As spelled out before, in the case at bench it was established that respondent was susceptible to imposition on account of her age and mental infirmity and the evidence of record gave rise to an inference that the transaction complained of was not the product of respondent's free volition. Under these circumstances, the burden of proof shifted to appellants, and it was incumbent upon them to overcome the presumption of undue influence. Admittedly, appellants produced evidence to show that the deed in question was signed by respondent on her own volition after Mrs. Sullivan had explained to her the difference between a will and a deed. This evidence, however, was contradicted by both respondent and Mr. Spillane. Thus, the issue became one of conflicting evidence, the resolution of which was the exclusive province of the trier of fact (Khoury v. Barham,supra).
Procedural Errors: Appellants next assail the judgment on procedural grounds. Thus, for the first time on appeal, they raise the defense of the statute of limitations contending that the complaint below failed to allege when respondent learned of the facts giving rise to fraud or undue influence. Appellants also maintain that the judgment is subject to reversal because the complaint did not state sufficient facts upon which undue influence could be premised. Both contentions of appellants are devoid of any merit.
It is blackletter law that the defense of the statute of limitations is a personal privilege which must be affirmatively invoked in the lower court by appropriate pleading (if the defense appears on the face of the complaint, it must be raised by demurrer; otherwise it must be specially pleaded in the answer) or is waived (Hall v. Chamberlain (1948) 31 Cal.2d 673, 679, 192 P.2d 759; Dicker v. Bisno (1957) 155 Cal.App.2d 554, 560, 318 P.2d 159; 3 Witkin, Cal.Procedure (2d ed.), s 939, p. 2518). Here, the defense of the statute of limitations was not raised either by demurrer or answer, and as a consequence it must be deemed to have been waived.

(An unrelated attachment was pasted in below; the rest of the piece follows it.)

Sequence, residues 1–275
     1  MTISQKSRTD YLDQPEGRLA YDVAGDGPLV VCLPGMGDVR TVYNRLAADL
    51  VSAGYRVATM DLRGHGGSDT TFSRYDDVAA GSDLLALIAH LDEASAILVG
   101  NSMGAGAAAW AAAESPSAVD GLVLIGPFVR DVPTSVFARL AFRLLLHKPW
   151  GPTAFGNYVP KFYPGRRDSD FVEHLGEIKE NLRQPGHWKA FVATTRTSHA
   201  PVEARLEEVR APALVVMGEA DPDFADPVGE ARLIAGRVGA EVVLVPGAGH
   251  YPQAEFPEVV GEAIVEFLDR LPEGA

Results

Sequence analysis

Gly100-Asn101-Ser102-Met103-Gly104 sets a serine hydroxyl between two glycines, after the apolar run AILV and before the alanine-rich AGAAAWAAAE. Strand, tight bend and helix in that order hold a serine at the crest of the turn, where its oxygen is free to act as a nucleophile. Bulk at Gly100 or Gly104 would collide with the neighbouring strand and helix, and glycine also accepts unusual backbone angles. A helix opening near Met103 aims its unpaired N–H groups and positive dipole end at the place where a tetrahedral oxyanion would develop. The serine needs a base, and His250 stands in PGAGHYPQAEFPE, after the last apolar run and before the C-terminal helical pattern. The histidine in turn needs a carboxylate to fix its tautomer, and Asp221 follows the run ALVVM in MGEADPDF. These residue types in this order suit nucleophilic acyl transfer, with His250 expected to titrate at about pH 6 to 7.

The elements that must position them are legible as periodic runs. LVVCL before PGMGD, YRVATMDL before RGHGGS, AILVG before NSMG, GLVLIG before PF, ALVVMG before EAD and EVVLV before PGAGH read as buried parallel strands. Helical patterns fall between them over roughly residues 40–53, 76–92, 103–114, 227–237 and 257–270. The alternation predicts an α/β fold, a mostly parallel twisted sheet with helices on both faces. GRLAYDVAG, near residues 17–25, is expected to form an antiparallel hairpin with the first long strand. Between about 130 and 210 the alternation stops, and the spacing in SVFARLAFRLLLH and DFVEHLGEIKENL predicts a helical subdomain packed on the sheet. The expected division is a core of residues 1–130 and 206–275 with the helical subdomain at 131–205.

Appellants' second contention is likewise meritless. It is a general proposition that the objection that a complaint does not state facts sufficient to constitute a cause of action is not waived by failure to demur, but may be raised for the first time on appeal. However, if objection is interposed for the first time on appeal, the pleading will be liberally construed and will be upheld if the necessary facts in the complaint appeal by implication or as a conclusion of law (Langstaff v. Mitchell (1931) 119 Cal.App. 407, 409, 6 P.2d 546; Tietke v. Forrest (1923) 64 Cal.App. 364, 366, 221 P. 681). Even a cursory reading of the complaint here4 reversal that the cause of action based on undue influence was pleaded at least as a conclusion of law, and consequently it must be upheld under the foregoing rule. Additionally, it ought to be noted that under the rule of liberal interpretation the complaint in question does state facts sufficient to constitute a cause of action (cf. Hick v. Thomas (1891) 90 Cal. 289, 27 P. 208, 376; Rottman v. Rottman (1921) 55 Cal.App. 624, 204 P. 46; 3 Witkin, Cal.Procedure, supra, s 421, pp. 2077—2078).
Misconduct of Counsel: Appellants' assertion that the judgment should be reversed for the misconduct of respondent's counsel may be briefly disposed of for two main reasons. First, under well settled law, a claim of misconduct is entitled to no consideration on appeal unless the record show a timely and proper objection and a request that the jury be admonished (Sabella v. Southern Pac. Co. (1969) 70 Cal.2d 311, 318, 74 Cal.Rptr. 534, 449 P.2d 750). Appellants here failed to show that they made an objection on this ground and/or requested an admonition to the jury to disregard counsel's remarks. Second, it is exiomatic that a judgment will not be disturbed on appeal on the basis of misconduct unless it appears that such misconduct resulted in miscarriage of justice (Code Civ.Proc., s 475; Gerberich v. Southern Cal. Edison Co. (1938) 26 Cal.App.2d 471, 79 P.2d 783). Appellants have not sustained the burden of proving the requisite prejudice and an independent, research of the record likewise fails to indicate that but for the counsel's remarks a different result would have been probable.